“Tell me what your heart’s desire has been–explain what’s in your soul,” said Jim to his wife, Laurie.

She sighed, closed her eyes and responded, “To teach art.”

“Then that is what you must do,” Jim said. And with these words of encouragement, Laurie set off on an adventure that kept her happier, more fulfilled and more off-balance (!) than anything else could have done. Fifteen years later she is closing that chapter to retire with her husband.

Teaching is one of the hardest jobs, next to parenting, in which  a person can engage. Teaching in a high school elevates that challenge, and teaching art in a high school pushes one’s creative endeavors to the extreme.

Yet Laurie Foerderer rose to the challenge with aplomb. She had the opportunity to go into a non-teaching, non-artistic career, but fortunately God, and her husband, guided her where she needed to be: Century High School in Bismarck, North Dakota.

Being an Adventist teacher in a public high school system is akin to being a missionary in a foreign country, and you had better learn to speak that language! Laurie did.

In her classes she draws from her many experiences as a child sitting with her grandmother (also a teacher) and making crafts seemingly from nothing. These projects fired her love of making things from sewing to watercolors, and as a youngster she willingly taught Vacation Bible School and children’s Sabbath school. Early in life, she thought she wanted to work for a large, well-known greeting card company, and eventually she  pursued a degree in Fine Arts from Indiana University. Instead, she was offered a teaching gig in Dickinson, North Dakota, even before she had earned her teaching credentials from Bismarck State College. But never did she look back.

“I have surrounded myself with some of the greatest educators I’ve ever met,” said Laurie, speaking enthusiastically of her past few years. “The opportunities we have as a Christian teacher are overwhelming.” She has prayed with her students, wept with them and encouraged them to come talk to her any time. It’s 4:00 pm and her office is still filled with students. “Hey you guys,” she says, “you need to go home! I need to go home!” And reluctantly they leave, even the student who has been crying on her shoulder until his nose is running.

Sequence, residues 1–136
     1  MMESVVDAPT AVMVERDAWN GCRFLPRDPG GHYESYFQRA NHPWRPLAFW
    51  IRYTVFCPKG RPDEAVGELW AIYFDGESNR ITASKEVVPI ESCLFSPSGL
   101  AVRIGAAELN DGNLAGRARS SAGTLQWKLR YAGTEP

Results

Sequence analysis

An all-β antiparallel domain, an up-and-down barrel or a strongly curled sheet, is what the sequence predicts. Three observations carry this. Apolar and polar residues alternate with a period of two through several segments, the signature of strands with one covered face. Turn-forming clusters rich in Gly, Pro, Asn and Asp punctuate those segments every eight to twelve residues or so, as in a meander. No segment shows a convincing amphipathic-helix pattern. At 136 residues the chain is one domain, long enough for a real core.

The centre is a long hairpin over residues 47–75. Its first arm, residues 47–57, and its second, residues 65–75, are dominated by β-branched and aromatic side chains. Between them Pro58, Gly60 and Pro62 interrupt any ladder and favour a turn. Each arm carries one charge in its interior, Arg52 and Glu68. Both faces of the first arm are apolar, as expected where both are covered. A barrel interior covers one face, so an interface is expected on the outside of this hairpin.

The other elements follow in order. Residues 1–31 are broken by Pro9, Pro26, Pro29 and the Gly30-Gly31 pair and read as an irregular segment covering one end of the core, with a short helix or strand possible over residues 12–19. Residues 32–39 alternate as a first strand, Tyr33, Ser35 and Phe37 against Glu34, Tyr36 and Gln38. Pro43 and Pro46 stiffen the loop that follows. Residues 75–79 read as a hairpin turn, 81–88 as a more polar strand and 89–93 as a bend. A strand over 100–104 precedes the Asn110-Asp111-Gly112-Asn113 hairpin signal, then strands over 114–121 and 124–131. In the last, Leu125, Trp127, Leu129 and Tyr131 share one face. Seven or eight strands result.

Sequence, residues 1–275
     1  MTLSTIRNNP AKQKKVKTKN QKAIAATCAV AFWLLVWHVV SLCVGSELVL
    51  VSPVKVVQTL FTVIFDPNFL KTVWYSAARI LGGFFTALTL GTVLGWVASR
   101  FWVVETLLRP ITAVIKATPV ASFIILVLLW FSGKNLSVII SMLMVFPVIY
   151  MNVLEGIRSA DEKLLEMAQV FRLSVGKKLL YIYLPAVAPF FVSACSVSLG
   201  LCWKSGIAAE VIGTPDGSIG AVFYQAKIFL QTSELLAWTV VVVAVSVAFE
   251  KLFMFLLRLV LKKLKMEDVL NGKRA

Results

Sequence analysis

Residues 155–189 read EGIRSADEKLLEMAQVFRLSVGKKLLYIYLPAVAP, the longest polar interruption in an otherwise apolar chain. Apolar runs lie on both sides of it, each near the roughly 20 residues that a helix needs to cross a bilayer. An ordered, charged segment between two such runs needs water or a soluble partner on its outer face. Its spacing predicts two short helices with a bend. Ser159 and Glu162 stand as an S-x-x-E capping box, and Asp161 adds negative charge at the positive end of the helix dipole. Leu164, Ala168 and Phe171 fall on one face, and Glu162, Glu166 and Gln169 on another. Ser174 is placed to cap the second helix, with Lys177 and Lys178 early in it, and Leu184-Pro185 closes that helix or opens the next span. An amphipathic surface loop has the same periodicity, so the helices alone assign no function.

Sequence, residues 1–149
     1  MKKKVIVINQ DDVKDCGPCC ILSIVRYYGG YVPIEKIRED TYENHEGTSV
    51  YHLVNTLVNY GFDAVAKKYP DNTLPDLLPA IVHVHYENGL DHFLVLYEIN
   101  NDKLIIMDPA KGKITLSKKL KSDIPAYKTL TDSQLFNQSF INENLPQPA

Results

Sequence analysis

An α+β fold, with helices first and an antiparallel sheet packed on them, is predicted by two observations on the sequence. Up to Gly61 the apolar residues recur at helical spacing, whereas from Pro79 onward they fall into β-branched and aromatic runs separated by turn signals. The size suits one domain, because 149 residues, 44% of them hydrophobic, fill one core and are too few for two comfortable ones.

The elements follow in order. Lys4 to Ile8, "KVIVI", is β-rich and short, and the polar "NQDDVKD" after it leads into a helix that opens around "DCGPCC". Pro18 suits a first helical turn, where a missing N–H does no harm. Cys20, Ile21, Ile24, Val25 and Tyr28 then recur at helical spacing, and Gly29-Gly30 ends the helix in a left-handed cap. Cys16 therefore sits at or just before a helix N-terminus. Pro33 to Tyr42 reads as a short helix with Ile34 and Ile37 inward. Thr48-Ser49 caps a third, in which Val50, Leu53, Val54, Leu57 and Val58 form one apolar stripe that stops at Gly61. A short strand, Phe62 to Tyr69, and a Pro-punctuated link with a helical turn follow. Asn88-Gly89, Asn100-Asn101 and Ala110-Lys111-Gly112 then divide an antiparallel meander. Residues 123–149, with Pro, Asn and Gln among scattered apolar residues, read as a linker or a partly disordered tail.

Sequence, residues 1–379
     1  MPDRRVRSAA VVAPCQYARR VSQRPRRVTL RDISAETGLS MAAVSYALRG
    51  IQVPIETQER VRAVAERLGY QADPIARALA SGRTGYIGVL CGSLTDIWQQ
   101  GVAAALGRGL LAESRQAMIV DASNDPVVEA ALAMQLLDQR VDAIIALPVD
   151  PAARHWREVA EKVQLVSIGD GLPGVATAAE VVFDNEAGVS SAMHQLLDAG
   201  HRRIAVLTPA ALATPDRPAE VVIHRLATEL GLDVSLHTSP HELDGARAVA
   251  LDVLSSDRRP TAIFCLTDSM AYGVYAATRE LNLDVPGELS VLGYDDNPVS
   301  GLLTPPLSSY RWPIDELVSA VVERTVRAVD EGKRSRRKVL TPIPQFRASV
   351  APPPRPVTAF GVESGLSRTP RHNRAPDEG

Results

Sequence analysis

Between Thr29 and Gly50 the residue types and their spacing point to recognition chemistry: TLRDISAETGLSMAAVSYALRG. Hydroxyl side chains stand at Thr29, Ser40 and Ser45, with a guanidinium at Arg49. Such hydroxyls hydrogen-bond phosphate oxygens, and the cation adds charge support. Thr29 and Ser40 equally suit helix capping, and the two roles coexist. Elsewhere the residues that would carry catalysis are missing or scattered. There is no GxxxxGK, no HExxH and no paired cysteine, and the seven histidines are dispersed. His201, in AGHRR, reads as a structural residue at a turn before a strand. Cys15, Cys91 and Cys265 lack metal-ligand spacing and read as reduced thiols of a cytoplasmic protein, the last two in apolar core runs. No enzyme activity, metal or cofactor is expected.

These kids come from a diversity of situations. Some are “A” students, sporting a GPA of 4.0; some are special needs. Some have almost every material thing they could desire; others are barely surviving. However, they have one thing in common: a teacher who loves them and looks out for them. Laurie states, “My hope and prayer is that my students know that I care.”

Some students have horrible things happen to them—and this is true no matter in which school they find themselves—so they need teachers like Mrs. Foerderer. She cares for all 125 students who pass through her door daily (yes, daily). Imagine being responsible for the education and care of so many students and the effort to be available to each of them on their terms. That is a true missionary!

Over the years things evolve. One truism is that the students grow into adults and move on. But Laurie has been invited to and attended their weddings, baby showers and other momentous events, demonstrating that she is making a lasting impact on these students’ lives. When asked how teaching itself has evolved, she mentions that there are more computers, computer programs and virtual classrooms incorporated into the teaching schematics. This can be a good thing, but like all progress, some of it doesn’t improve the teaching stage.

When asked how the community and parents can help teachers, Laurie states, “Come to the class and see what’s going on. Don’t be quick to judge if you haven’t stepped into a classroom.”

She has two student trips happening even after she retires: one to the east coast of the United States and one to Greece. Then what? She’s not sure. Maybe a small group art class?

Certainly Laurie has embodied this quote she chose to live by: “Kids don’t care what you know until they know that you care.”

Reese Saxon is a teacher, artist and member of the Bismarck Adventist Church. She and her husband, David, have missionary hearts and spent the first year of their marriage in Indonesia at the English Language School. Since then the couple have participated in several mission trips to Brazil and Haiti.